This week I want to talk about religious liberty. In an era of civil rights, with everyone seemingly clamoring for their own version, we forget that civil rights are not absolute. We forget that just because we have a right doesn’t mean other rights disappear and that we very often have to choose between competing rights.
Warren Jeffs, the now very infamous leader of the FLDS polygamous sect, just learned this lesson. In Jeffs’ world, religious liberty has no limitations nor does it have any competing rights. In his world, religious liberty means anything he says or does. The FLDS is an apostate group of historically disaffected and excommunicated Mormons. While there are a few similarities between the FLDS cult and the Mormon faith, one of the big differences is that the Mormon faith operates in mainstream society. In fact, not to do so cuts against perhaps the most important purpose of Mormonism: spreading the gospel of Jesus Christ.
In Warren Jeffs’ world we see the opposite effect and influence. We see isolation and exclusion in the name of religious liberty. And in that isolation Jeffs has committed acts unthinkable by true men and women of faith. Religious liberty exists in America precisely to enrich our culture and to benefit our neighbors in need. Religious liberty exists to remind us to always be our better selves. In a free society, religious liberty has the added effect of reminding every citizen that their rights were not created by men but by God.
The Warren Jeffs case is not a matter of religious liberty according to those high standards. In fact, Jeffs acted the opposite in every case. Our culture wasn’t benefited by his actions; he lived in isolation. His followers, our neighbors, weren’t advantaged economically; many exist on welfare. Jeffs didn’t act his better self; he raped and molested children. And he certainly didn’t remind anyone that their rights came from God; he believed he was the maker of rights.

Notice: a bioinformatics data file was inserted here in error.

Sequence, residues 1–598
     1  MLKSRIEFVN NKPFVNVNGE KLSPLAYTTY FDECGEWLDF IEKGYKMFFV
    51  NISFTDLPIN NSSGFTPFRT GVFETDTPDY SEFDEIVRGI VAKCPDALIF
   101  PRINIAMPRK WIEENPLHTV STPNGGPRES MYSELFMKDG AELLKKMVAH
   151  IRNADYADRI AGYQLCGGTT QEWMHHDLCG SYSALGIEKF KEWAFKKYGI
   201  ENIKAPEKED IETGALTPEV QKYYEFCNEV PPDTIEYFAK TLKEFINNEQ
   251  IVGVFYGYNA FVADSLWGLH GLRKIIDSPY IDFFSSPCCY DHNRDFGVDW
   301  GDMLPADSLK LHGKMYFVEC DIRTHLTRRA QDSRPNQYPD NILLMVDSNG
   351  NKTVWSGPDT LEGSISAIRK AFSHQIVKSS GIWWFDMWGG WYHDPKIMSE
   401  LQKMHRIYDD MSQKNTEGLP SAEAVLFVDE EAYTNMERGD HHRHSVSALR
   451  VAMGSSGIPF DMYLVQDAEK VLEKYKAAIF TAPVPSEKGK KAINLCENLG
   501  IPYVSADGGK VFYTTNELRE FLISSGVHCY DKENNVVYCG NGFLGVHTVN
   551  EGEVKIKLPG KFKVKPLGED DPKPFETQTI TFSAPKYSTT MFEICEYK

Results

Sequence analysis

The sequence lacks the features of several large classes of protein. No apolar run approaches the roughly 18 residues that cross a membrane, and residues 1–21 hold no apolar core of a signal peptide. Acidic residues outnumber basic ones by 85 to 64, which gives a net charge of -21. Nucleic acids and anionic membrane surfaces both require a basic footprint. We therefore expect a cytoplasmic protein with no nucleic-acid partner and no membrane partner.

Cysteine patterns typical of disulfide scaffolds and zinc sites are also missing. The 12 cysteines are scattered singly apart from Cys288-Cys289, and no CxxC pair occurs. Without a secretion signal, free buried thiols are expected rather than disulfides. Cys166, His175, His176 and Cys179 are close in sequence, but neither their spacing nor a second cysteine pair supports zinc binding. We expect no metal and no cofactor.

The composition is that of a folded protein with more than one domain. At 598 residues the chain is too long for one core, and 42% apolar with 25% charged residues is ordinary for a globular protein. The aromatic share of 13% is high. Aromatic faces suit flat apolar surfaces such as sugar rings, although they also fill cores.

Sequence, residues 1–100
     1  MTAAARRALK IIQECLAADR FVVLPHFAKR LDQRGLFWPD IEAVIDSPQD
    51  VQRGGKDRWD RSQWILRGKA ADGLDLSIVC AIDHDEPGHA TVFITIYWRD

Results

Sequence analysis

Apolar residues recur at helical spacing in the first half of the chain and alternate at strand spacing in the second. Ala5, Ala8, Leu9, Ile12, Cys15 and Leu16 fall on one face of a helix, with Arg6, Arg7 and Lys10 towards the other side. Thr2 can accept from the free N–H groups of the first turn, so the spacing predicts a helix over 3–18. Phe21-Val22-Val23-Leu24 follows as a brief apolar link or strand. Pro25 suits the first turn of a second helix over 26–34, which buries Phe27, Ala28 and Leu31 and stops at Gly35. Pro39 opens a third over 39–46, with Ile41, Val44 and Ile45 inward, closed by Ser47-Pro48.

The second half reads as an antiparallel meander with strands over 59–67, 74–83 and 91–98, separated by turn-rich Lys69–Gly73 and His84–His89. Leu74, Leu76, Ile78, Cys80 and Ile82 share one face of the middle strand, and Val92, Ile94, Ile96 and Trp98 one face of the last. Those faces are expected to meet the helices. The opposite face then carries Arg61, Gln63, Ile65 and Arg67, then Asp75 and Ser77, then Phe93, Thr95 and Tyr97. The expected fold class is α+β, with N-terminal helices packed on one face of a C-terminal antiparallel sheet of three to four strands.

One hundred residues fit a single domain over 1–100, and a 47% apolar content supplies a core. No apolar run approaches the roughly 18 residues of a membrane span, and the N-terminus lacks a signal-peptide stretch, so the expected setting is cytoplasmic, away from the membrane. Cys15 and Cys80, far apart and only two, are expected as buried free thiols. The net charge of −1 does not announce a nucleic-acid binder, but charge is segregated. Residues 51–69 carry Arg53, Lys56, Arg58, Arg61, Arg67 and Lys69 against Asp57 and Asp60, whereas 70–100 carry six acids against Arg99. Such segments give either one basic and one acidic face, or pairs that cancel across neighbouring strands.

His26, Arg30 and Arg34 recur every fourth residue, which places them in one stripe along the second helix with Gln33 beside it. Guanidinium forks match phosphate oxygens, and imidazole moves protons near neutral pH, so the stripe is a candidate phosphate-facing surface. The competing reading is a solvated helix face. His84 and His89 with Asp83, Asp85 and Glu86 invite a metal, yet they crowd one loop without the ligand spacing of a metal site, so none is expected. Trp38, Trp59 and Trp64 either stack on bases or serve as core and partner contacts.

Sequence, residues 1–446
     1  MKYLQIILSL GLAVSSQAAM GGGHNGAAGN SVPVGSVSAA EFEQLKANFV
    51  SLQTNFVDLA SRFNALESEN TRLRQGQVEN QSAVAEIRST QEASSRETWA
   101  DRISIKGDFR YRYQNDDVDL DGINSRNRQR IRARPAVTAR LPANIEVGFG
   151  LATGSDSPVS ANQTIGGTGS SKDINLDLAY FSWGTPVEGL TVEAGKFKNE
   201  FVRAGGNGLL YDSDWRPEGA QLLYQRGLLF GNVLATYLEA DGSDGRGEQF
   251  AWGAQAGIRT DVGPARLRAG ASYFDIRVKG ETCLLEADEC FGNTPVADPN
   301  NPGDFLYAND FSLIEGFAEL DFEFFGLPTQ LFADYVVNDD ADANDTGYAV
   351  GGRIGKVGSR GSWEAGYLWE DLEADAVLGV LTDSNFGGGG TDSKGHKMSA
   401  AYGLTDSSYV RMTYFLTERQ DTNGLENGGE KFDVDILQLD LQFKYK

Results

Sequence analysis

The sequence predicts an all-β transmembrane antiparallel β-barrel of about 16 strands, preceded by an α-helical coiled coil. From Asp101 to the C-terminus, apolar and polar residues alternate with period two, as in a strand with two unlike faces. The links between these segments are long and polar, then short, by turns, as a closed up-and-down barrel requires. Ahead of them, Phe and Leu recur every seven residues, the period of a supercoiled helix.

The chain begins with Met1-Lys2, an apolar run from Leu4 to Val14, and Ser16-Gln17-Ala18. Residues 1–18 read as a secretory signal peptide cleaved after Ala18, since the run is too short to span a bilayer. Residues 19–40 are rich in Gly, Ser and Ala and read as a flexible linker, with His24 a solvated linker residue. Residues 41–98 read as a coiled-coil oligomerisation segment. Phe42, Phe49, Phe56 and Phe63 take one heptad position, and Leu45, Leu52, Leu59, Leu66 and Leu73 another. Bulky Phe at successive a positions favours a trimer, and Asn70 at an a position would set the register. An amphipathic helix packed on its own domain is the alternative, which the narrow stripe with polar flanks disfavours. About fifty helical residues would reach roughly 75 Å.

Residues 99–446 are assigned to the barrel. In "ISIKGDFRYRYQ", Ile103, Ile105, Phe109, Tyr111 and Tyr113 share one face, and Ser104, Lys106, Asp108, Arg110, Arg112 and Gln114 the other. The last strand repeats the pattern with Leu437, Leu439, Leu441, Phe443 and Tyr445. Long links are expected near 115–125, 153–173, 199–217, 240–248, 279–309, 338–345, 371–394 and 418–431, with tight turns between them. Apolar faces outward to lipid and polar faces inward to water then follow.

Secularists and atheists use the Warren Jeffs of the world to denigrate religion in general. Of course, they do so because they have no appreciation for religion in general and without any understanding of true religion they fail to discern good from evil and then they, too, not unlike Warren Jeffs, fail mankind.
The actions of Warren Jeffs were evil. Living in isolation, under his heavy hand of unrighteousness, Jeffs’ followers are complicit in his actions. Those are grown men and women, the parents of the children that Jeffs molested, who stood by while personal atrocities were being committed. I always have believed that state government should take a cautious approach with its polygamous communities. I still believe this. That said, the FLDS community in Utah should be forced into daylight and its works and lives be placed under public scrutiny. No longer can it hide behind its claims of religious liberty. No longer can it be given the benefit of the doubt.
If Warren Jeffs is evil, so too are his followers who have stood by and permitted him to behave despicably. Defenders of any civil right have an equal obligation to police that right for the benefit of individuals and society. We don’t allow atrocities in the name of racial rights or ethnic rights and we shouldn’t now accept them in the name of religious liberty. The Warren Jeffs/FLDS case is that moment in time, despite how much we cherish our religious liberties, that Utah society is justified to demand that this cult’s doors be kicked open to the light of day. Whatever was good within its walls will endure and whatever was evil will be disbanded.
If the Warren Jeffs case has taught us anything, I hope it’s taught us that true religion benefits a free society and that even our most important liberties have their limitations.
For Sutherland Institute, I’m Paul Mero.